Urban trees 'live fast, die young' compared to those in rural forests
Urban trees grow more quickly but die faster than rural trees, resulting in a net loss of street-tree carbon storage over time, according to a study published May 8 in the open-access journal PLOS ONE by Ian Smith of Boston University, US and colleagues. The findings suggest that planting initiatives alone may not be sufficient to maintain or enhance canopy cover and biomass due to the unique demographics of urban ecosystems.
Municipalities are embracing greening initiatives as a key strategy for improving urban sustainability and combatting the environmental impacts of expansive urbanization. Many greening initiatives include goals to increase urban canopy cover through tree planting, but our understanding of street-tree ecosystem dynamics is limited, and our understanding of vegetation structure and function based on intact, rural forests may not apply well to urban ecosystems. To address this gap in knowledge, Smith and colleagues estimated size-specific growth, mortality, and planting rates in trees under municipal control, used a model to forecast short-term changes in street-tree aboveground carbon pools under several planting and management scenarios, and compared their findings to those for rural, forested systems.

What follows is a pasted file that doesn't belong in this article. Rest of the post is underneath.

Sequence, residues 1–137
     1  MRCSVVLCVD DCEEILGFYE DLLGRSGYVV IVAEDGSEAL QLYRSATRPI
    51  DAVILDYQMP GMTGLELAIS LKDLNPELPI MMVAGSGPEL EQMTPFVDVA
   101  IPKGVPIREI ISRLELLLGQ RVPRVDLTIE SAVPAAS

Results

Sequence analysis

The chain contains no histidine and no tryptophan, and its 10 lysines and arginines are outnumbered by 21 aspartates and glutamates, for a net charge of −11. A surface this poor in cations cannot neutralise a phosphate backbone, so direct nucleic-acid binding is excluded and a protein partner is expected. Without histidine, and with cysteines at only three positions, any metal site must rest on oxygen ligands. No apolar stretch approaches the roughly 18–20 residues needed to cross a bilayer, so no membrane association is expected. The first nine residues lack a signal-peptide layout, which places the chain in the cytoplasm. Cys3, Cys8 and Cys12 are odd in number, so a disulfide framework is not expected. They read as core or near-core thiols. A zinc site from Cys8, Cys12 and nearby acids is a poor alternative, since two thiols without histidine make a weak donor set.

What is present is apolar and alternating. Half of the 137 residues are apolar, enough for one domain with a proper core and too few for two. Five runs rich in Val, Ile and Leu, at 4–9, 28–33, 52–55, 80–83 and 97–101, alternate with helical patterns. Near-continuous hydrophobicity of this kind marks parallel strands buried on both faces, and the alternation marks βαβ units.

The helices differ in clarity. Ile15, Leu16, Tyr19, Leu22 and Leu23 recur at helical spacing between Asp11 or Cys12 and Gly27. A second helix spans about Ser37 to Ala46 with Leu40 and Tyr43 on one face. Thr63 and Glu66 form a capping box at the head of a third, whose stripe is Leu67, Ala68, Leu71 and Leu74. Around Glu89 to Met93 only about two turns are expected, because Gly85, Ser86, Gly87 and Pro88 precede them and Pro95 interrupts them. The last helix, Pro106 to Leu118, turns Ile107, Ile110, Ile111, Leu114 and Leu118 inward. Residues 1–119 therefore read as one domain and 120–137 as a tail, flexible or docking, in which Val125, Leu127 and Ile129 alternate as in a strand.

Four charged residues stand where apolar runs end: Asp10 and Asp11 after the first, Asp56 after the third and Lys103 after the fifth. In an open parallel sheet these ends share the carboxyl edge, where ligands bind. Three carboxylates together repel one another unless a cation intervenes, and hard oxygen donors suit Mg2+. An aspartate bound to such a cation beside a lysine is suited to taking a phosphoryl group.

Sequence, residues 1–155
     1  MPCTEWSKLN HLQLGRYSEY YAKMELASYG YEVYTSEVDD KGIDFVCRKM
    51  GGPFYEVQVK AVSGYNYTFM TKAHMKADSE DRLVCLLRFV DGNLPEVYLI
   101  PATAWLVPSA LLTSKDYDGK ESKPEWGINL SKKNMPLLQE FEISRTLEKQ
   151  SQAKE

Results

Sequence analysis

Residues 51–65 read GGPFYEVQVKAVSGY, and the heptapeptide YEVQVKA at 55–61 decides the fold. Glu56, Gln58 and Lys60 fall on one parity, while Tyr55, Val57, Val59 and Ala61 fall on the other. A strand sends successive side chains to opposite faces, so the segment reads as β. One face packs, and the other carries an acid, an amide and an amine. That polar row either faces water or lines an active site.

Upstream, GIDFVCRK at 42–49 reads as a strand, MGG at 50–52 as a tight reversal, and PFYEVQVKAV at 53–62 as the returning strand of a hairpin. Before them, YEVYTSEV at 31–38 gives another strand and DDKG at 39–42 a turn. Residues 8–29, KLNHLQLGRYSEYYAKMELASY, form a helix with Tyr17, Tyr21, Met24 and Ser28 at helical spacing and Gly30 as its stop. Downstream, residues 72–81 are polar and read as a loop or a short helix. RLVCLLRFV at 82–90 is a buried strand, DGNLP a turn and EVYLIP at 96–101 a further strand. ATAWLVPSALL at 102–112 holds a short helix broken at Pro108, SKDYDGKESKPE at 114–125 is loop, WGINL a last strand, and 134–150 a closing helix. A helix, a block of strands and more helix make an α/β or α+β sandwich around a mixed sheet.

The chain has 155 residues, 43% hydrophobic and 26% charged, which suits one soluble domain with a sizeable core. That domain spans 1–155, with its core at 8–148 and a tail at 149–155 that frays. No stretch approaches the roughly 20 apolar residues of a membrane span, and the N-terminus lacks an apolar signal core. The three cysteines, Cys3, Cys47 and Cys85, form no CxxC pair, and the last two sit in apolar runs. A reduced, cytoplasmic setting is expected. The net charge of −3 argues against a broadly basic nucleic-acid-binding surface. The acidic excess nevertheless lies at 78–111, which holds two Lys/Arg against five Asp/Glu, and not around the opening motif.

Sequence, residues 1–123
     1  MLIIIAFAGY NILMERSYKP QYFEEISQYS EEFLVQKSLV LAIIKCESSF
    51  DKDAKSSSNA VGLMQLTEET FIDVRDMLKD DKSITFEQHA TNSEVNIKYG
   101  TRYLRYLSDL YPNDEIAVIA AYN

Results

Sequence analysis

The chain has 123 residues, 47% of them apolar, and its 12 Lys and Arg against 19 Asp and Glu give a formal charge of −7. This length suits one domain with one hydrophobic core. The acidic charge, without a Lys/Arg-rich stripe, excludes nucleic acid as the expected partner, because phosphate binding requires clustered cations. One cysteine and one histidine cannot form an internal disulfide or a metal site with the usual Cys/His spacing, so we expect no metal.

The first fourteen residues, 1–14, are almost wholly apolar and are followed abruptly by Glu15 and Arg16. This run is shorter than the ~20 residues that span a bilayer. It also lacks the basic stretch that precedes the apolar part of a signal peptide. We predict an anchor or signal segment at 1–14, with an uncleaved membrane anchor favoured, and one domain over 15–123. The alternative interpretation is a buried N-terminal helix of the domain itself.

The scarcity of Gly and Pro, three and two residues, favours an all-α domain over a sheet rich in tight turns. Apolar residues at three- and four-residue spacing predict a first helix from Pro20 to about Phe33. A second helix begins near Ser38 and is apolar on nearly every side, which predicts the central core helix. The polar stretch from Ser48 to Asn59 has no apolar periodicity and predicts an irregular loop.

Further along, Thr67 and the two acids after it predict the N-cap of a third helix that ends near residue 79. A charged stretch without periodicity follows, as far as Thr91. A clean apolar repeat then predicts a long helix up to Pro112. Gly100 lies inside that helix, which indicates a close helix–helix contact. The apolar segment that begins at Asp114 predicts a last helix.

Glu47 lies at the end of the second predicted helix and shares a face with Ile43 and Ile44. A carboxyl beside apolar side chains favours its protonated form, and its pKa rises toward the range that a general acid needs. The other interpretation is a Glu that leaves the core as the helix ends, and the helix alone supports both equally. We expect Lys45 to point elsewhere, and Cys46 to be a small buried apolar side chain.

The researchers discovered accelerated rates of carbon cycling in street trees, with mean diameter growth rates nearly four times faster in the city of Bostonthan inforest stands nearby in rural Massachusetts. Despite the enhanced growth of urban trees, high mortality losses result in a net loss of street-tree carbon storage over time: mean mortality rates are more than double those of rural forests.
The findings suggest that initiatives to aid in the establishment and preservation of tree health are central for increasing street-tree canopy cover and maintaining and increasing carbon storage in vegetation. According to the authors, strategic combinations of planting and maintenance will maximize the viability of greening initiatives as an effective climate-mitigation tool.
Smith adds: "Cities are at the forefront of implementing climate mitigation policies, including urban greening, to combat rising temperatures and atmospheric CO2 concentrations. We find that tree planting initiatives alone may not be sufficient to maintain urban canopies in older cities like Boston, MA. Due to the age and size structure of the existing canopy, efforts to aid in the establishment and preservation of tree health are imperative for increasing urban tree cover and maximizing the wide range of ecosystem services provided by the urban canopy."